Gov. John Bel Edwards announced a plan today that will grant early release to state prisoners who are serving sentences for non-violent, non-sex crimes and have less than six months to go on their sentence.
Edwards said he will hold a press conference tomorrow at 4 p.m. with the acting state superintendent to discuss the plan for Louisiana schools for the remainder of the year. He said on Monday that he does not plan to allow students to return to campuses this year, but instead they'll attend school via distance learning.
Regarding the furloughs, DOC Secretary Jim Leblanc said public safety is paramount, especially when granting furloughs to prisoners. Leblanc said a panel will review inmates on a case-by-case basis until the emergency ends.
The total number of prisoners who would be eligible is about 1,200 people total, he said. Leblanc said state law gives him authority to grant the furloughs himself, but he felt it was better to create a panel to review the cases.
If released, the prisoners would need to stay home, with an ankle monitor, and submit to supervision, Leblanc said. The panel will look at two groups: prisoners in inmates in state prisons and prisoners in local jails. Prisoners would need to have a home to go to in order to be eligible, and meet other criteria, Leblanc said.
Edwards also addressed questions about when the stay-at-home order will end, and how normal life will resume. He said measures are being re-evaluated daily as data comes in.
However, he was clear: Things will not be as they were for a long time, he said.
"Social distancing is going to be a part of our lives for some time," he said. "Wearing masks is going to be part of our lives. Staying home when we are sick is going to be part of our lives. I suspect you're going to have your temperature taken more times than you've ever had it taken before."
Edwards said there may be occupancy limits on places where a lot of people usually congregate, like restaurants. Many things are being looked at, he said.
"We're looking at what's coming from the CDC, what other states are contemplating, there are a lot of decisions to be made," he said. "And a lot of those decisions will be out in the future. But I do make this commitment to the people of Louisiana: They are not going to find out on April 30 what happens on May 1."
Edwards said people will have several days notice of any changes.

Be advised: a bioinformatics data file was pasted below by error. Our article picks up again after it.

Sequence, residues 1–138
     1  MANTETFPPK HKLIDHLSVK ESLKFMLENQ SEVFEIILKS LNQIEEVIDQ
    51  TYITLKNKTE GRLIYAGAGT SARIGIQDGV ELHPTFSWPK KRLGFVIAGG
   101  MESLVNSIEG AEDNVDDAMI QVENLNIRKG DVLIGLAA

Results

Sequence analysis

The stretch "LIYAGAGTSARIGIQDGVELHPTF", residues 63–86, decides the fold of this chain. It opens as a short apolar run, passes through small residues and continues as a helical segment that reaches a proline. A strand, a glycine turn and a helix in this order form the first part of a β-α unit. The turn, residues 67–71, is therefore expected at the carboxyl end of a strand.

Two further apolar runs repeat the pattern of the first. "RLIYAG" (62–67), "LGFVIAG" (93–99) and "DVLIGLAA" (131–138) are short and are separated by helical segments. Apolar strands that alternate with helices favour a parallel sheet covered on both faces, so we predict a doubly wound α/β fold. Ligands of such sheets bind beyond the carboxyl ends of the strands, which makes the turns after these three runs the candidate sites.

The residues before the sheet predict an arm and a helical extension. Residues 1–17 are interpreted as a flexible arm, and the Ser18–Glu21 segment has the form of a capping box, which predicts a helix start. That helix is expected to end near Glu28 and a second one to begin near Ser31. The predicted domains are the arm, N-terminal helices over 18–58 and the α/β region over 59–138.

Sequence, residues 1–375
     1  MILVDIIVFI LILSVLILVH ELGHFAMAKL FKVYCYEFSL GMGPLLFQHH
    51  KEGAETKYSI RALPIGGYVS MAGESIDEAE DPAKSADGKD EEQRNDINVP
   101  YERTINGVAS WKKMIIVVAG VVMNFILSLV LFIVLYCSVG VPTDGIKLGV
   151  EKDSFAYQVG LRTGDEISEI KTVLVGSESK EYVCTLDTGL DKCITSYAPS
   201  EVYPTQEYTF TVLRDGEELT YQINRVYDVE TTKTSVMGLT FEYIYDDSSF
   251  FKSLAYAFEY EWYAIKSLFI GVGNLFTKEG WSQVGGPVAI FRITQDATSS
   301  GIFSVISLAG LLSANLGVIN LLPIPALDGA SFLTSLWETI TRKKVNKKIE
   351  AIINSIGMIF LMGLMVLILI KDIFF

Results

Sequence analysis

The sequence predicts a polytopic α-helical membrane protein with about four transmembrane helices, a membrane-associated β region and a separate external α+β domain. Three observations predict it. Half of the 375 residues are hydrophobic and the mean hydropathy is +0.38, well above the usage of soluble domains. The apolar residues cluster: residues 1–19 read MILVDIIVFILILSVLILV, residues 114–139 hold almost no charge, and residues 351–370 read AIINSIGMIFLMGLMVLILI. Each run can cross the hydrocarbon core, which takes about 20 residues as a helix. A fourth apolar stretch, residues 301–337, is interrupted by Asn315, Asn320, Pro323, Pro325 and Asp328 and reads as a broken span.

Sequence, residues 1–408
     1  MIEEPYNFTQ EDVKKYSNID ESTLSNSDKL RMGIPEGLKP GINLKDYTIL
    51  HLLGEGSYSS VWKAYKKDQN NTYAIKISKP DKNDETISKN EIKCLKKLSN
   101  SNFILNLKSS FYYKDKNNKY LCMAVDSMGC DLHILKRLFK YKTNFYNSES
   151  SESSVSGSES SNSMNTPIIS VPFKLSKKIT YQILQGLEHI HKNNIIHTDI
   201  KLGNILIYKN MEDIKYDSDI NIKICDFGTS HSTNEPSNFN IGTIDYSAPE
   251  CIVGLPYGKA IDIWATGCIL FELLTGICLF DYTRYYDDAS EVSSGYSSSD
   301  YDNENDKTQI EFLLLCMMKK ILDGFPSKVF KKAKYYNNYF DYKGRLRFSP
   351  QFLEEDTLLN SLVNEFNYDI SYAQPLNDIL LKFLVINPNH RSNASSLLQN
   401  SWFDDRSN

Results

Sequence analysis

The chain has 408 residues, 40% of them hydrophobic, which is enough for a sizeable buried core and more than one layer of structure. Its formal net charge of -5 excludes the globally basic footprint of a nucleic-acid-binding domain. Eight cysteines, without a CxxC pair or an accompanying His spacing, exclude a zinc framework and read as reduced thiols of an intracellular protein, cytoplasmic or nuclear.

Edwards started the presser with a comment on the grimest news: Louisiana's number of deaths has broken 1,000 today. He said more than 120 deaths were reported over the past 24 hours, although the majority actually died over the past three days.
"I hope the gravity of this resonates with everyone out there. We're not just talking about a number. Everyone of these numbers is a person, neighbor, friend, somebody's parent, somebody's child, I don't want that to be lost on anyone. These are our fellow Louisianians," he said.
Edwards said as of today, the models indicate that Louisiana's health care will not be overwhelmed by COVID-19 patients over the next several weeks - but that's only because of compliance with the stay-at-home order, social distancing, hygiene, and the like.
"The decisions we make today are either going to have a positive impact on our state or a negative impact on our state, and the fact is we're not going to see it for another two weeks or so," Edwards said. "Think about not just yourself and your family, but think about those other individuals and families out there. Think about those 1,013 deaths that we're reporting. It's a tragic situation."
Edwards also said that Louisiana is number one in the nation in per-capita testing for the virus. He announced new testing locations in St. Charles and St. James parishes as well.
As for next steps, Edwards said we need to have more testing, contact tracing, as well as antibody testing. The data will tell us where we need to go and how quickly, he said.
"We don't want to go back to that place we've been trying to avoid," he said.
As he has done for the past week or so, Edwards answered questions submitted by citizens. One person from Shreveport wanted to know how he could help or volunteer. Edwards said he advises that people who want to help stay home and follow the mitigation measures. If you can, he said, he'd also ask people to donate to food banks, because people need food now.
A lady from Lafayette asked how COVID differs from the flu.
Edwards said there are some similarities, they're both viruses. But there are some real differences, and one is that COVID is much more contagious than the flu. The transmission rate is 1.3 people for the flu, he said. For COVID, a single infected person infects about 2.2 people. So it's twice as contagious. Also, the hospitalization rate for flu is 2 percent. For COVID, it's 19 to 20 percent. Fatality rate for flu is about .1 percent, and for COVID it's about 3 percent.
On Monday, Edwards was in north Louisiana to tour damage the area received during severe weather on Sunday, April 12.
The Governor held a press briefing following his tour where he announced that a proclamation would be issued today about the remainder of the school year.
Edwards said that students would not go back to school but would continue education through distance learning.
Read more on that press conference, here.
As of noon on April 14, the Louisiana Department of Health says there are now 21,518 confirmed cases of Coronavirus Disease 2019 (COVID-19) in the state. This includes 502 additional cases than were reported yesterday.
A total of 1,013 people have died of the disease in Louisiana. That is an increase of 129 deaths from Monday.
The Louisiana Department of Health updates the state's numbers each day at noon.
To see the latest statewide numbers from LDH, click here.